CALL FOR PARTICIPATION
1st Shared Task on Native Language Identification
Atlanta, Georgia, USA; June 13 or 14, 2013
(co-located with BEA8 Workshop)
SHARED TASK DESCRIPTION
We are excited to organize the first shared task in Native Language Identification (NLI) which is the task of identifying the native language (L1) of a writer based solely on a sample of their writing. The task is framed as a classification problem where the set of L1s is known a priori. Most work has focused on identifying the native language of writers learning English as a second language. This problem has been growing in popularity and has motivated several ACL, NAACL and EMNLP papers, as well as a master's and doctorate thesis.
Native Language Identification can be useful for a number of applications. First, it can be used in educational settings to provide more targeted feedback to language learners about their errors. It is well known that speakers of different languages make different kinds of errors when learning a language. A writing tutor system which can detect the native language of the learner will be able to tailor the feedback about the error and contrast it with common properties of the learner's language. Second, native language is often used as a feature that goes into authorship profiling, which is frequently used in forensic linguistics.
The goal of this task is to provide a space to evaluate different techniques and approaches to Native Language Identification. To date, it has been difficult to compare approaches due to issues with training and testing data and a lack of consistency in evaluation standards. In this shared task, we provide a new data set as well provide a framework where different NLI systems can be finally compared. The shared task will be co-located with the 8th Workshop on Innovative Use of NLP for Building Educational Applications on June 13 or 14 in Atlanta, USA:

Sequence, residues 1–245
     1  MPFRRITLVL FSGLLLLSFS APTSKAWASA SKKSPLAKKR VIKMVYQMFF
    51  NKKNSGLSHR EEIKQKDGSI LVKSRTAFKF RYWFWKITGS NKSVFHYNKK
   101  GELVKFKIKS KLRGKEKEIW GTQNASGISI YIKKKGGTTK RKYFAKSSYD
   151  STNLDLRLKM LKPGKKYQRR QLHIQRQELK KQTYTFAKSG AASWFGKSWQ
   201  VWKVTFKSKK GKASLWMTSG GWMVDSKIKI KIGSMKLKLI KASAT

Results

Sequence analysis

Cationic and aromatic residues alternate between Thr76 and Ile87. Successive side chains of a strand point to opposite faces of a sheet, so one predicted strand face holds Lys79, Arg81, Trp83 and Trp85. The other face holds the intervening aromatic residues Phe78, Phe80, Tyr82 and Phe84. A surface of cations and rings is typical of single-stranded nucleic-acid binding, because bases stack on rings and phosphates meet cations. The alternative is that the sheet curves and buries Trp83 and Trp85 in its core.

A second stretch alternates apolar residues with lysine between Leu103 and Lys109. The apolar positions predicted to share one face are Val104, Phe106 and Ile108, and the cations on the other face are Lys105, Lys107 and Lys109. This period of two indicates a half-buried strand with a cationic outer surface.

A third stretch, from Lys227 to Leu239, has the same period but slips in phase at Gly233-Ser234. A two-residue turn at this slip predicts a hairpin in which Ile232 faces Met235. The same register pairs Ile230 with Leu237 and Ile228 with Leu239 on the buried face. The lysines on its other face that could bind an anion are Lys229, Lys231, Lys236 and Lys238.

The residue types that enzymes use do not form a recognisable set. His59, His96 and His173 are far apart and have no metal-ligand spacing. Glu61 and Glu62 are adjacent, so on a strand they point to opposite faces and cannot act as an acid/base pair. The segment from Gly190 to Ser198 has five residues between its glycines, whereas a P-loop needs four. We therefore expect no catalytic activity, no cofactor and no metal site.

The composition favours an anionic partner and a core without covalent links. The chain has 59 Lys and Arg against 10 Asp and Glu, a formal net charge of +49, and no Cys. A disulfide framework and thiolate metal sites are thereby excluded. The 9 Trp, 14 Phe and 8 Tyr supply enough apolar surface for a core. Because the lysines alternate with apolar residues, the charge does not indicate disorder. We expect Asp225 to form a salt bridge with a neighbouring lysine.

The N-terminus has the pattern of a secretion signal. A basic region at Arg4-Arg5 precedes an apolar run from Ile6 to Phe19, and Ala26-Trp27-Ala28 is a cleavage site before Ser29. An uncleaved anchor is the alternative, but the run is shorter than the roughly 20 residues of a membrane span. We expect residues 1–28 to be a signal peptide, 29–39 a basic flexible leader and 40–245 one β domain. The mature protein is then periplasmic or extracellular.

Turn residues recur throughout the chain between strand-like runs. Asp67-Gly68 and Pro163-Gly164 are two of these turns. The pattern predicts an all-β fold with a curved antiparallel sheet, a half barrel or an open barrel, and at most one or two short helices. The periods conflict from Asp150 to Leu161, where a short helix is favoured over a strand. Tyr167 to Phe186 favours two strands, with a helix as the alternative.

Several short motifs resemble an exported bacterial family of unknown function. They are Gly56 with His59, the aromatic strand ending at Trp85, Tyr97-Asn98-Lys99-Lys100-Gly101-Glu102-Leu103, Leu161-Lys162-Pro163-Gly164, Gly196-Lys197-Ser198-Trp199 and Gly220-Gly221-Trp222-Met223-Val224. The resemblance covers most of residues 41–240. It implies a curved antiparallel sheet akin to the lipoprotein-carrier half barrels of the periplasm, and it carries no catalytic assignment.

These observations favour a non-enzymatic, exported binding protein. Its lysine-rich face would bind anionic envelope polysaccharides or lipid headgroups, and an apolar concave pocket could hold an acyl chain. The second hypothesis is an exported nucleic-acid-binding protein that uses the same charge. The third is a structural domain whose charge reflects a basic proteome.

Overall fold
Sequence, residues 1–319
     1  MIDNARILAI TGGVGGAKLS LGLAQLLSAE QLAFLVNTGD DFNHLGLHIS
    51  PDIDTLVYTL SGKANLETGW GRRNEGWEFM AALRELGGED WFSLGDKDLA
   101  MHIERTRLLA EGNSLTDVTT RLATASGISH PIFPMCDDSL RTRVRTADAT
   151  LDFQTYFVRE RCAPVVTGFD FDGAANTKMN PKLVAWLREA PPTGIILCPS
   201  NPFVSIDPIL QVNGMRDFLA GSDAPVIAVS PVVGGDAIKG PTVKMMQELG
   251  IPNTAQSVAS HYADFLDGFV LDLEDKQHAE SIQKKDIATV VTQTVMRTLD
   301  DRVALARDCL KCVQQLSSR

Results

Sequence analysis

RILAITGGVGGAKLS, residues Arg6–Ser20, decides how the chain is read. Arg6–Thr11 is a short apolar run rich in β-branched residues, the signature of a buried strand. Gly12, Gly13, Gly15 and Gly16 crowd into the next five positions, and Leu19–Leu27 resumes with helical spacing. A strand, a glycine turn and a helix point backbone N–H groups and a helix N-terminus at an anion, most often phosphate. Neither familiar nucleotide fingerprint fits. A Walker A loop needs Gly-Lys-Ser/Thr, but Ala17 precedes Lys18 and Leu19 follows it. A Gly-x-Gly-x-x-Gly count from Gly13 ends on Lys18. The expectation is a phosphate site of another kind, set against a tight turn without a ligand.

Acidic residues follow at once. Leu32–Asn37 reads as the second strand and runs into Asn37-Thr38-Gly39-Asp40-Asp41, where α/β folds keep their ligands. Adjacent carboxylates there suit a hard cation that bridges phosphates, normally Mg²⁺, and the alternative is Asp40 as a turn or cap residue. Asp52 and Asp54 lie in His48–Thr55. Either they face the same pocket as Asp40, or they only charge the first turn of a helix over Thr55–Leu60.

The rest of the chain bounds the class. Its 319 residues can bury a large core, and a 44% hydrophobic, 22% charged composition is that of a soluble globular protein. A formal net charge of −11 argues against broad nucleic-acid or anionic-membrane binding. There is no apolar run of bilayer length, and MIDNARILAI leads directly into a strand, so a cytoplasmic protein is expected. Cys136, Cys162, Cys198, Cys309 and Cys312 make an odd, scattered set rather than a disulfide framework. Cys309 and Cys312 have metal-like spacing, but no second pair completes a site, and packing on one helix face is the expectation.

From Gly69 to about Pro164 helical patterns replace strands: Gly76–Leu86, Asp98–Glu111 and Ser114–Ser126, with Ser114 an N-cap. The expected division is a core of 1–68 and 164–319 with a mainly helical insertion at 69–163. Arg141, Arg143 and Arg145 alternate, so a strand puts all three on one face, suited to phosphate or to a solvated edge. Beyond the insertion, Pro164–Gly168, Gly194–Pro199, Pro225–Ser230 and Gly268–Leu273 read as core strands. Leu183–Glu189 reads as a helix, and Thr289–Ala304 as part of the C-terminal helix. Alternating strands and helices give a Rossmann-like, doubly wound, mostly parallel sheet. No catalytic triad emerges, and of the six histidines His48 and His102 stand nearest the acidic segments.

Educational Testing Service (ETS) is making public 11,000 English essays from the Test of English as a Foreign Language(TOEFL) through the LDC with the motivation to create a larger and more reliable data set for researchers to conduct Native Language Identification experiments on. This set, henceforth TOEFL11, comprises 11 L1s with 1,000 essays per L1. The 11 native languages covered by our corpus are: Arabic, Chinese, French, German, Hindi, Italian, Japanese, Korean, Portuguese, Spanish, Telugu, and Turkish. Furthermore, each essay in the TOEFL11 is labeled with an English language proficiency level (high, medium, or low) based on the judgments of human assessment specialists. The essays are usually 300 to 400 words long. 90% of this set will be sequestered as the training data and the remaining 10% will be released as test data.
The shared task will have three sub-tasks:
* Closed-Training: The first and main task will be the 11 way classification task using only the TOEFL11 for training. * Open-Training-1: The second task will be to allow the use of any amount or type of training data excluding the TOEFL11. * Open-Training-2: The third task will be to allow the use of any amount or type of training data.
The same test data will be used for all sub-tasks.
If you would like to participate in the NLI Shared Task, you need to formally register in order to obtain the training and test data. To register, please send the following information to nlisharedtask2013 at gmail.com:
* Name of Institution or other label appropriate for your team * Name of contact person for your team * Email address of contact person for your team
January 14 - Training Data Release March 11 - Test Data Release March 18 - Submissions Due March 25 - Results Announcement April 08 - Papers Due April 10 - Revision Requests Sent April 12 - Camera Ready Version Due June 13 or 14 - NLI Shared Task Presentations @ BEA8 Workshop
Joel Tetreault, Nuance Communications, USA Aoife Cahill, Educational Testing Service, USA Daniel Blanchard, Educational Testing Service, USA
Contact email: nlisharedtask2013 at gmail.com